I don’t know when we decided to reword the English language to actually obfuscate what is really being said. Perhaps it’s been done through history. Obviously speeches and what’s written descriptions have definitely given different shades of truth, and as we know, history is written by the winner. The truth of history wavers between downright propaganda and lies, to the cold, hard unembellished facts. That means no adjectives like “horrendous, spectacular, brutal, amazing.” Just reporting what happened.

    In this current world propaganda is more likely to be found than cold, hard truth, and everything in between is where most “truth” lies.

    Once upon a time there were housewives. Now they’re domestic engineers but the term is dissolving back into housewife or the more popular stay-at-home mom (or dad). There used to be stewardesses, but now they’re airline attendants, which is more appropriate because there are men and women, though stewards for all would work fine. There used to be mailmen but now there are letter carriers. Changing terms for gender equality in the workplace is one thing, but then there is the world of politics and sensationalism.

    The one that always drove me crazy, and still does, is collateral damage. So, what, it makes it better if we say that people weren’t blown to smithereens in a bombing but there was collateral damage from the bombing? Puhleese, it’s still dead people. Who cares about the buildings. We care about people and it could easily be reported as people killed and a building destroyed. And while we’re mentioning bombs, it’s now an improvised explosive device. Did homemade bomb no longer cover the fact that some are made in the field? Perhaps we should call them field improvised explosive devises, or we could just say bomb. Oh and there is also the incendiary roadside device.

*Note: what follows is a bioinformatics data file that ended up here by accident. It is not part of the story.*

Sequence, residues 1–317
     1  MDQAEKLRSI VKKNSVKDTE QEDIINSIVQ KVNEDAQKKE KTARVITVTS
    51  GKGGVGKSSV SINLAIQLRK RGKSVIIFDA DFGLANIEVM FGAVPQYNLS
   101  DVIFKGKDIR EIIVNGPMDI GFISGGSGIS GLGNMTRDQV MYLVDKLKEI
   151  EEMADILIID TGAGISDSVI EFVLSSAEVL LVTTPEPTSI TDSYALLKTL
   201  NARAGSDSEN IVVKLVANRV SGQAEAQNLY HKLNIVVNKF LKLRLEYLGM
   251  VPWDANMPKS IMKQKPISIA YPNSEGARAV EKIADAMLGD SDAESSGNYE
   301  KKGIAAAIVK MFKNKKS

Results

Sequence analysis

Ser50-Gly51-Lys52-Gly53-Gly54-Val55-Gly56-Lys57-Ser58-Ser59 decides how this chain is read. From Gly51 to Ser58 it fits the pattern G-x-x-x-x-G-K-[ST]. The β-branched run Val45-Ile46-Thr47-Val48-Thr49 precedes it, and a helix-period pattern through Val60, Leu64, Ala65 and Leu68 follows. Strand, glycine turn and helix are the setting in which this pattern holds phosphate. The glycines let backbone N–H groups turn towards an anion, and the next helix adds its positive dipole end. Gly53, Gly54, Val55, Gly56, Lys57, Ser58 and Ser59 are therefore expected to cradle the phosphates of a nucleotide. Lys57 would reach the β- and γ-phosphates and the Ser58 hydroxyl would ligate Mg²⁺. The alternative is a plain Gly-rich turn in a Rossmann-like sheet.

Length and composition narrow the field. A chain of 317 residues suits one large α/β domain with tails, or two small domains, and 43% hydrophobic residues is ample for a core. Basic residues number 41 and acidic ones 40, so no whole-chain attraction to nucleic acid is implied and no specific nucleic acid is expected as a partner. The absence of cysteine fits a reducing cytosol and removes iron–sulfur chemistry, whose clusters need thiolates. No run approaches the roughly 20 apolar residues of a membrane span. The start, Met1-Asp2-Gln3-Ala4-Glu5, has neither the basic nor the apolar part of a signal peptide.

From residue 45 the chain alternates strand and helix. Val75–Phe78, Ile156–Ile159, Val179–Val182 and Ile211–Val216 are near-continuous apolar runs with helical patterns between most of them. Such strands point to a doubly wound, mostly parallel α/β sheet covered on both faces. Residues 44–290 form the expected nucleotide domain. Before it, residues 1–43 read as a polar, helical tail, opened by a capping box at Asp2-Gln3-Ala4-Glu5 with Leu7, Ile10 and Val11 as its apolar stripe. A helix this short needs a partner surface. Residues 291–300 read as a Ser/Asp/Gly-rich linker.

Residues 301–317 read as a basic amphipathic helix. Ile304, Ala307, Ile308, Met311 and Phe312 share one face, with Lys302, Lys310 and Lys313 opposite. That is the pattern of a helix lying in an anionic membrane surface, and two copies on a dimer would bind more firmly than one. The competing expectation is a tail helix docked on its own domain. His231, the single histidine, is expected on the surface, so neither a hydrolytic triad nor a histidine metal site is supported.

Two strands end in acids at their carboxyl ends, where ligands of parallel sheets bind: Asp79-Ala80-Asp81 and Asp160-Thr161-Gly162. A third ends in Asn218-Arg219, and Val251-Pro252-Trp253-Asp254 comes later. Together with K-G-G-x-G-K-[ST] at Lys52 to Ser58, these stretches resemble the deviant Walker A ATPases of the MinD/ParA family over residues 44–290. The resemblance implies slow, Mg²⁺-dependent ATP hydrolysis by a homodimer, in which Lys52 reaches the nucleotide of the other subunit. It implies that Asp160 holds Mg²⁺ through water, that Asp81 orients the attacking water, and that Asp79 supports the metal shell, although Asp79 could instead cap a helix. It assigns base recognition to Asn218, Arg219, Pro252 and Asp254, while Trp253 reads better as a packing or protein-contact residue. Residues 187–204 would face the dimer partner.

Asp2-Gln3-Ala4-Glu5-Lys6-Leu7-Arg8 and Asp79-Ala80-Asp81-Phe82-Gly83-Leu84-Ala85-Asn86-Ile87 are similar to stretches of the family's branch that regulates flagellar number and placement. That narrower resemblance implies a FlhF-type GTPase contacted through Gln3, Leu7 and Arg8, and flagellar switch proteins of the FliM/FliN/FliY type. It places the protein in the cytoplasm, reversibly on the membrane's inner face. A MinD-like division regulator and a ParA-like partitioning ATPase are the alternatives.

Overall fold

Who thought of these things? Is there a think tank being paid comfy salaries to come up with “better” words for roadside bomb and land mine? More words, more syllables, is somehow better. Someone out there must think these terms are more accurate, or maybe they’re just more all-encompassing, therefore watering down the image of what really is happening.

    It seems the areas where words take on longer, more sophisticated versions of themselves, is especially in the world of violence. War, bombing, terrorism, murder, rape. Oh yeah, rape. A person no longer rapes someone. They now sexually abuse them. Sexual abuse covers a larger range of issues, from butt pinching and fondling to brutal rape. Wait a minute. Brutal rape? Is any rape not brutal? Nope, but the media might say brutal rape. Maybe that’s why they went to “sexual abuse” as the term; to cut down on the colorful adjectives. But sorry to say, rape is rape, no matter how you word it.

    I can’t help but see this double speak as some sort of attempt to be a polite society or to cover up the facts and keep people dumbed down. I’ve always been interested in language and etymology. I’m sure there are many more examples out there and maybe this is part of the era of political correctness but I fail to see what makes a longer description as more accurate. Sometimes a spade is just a spade.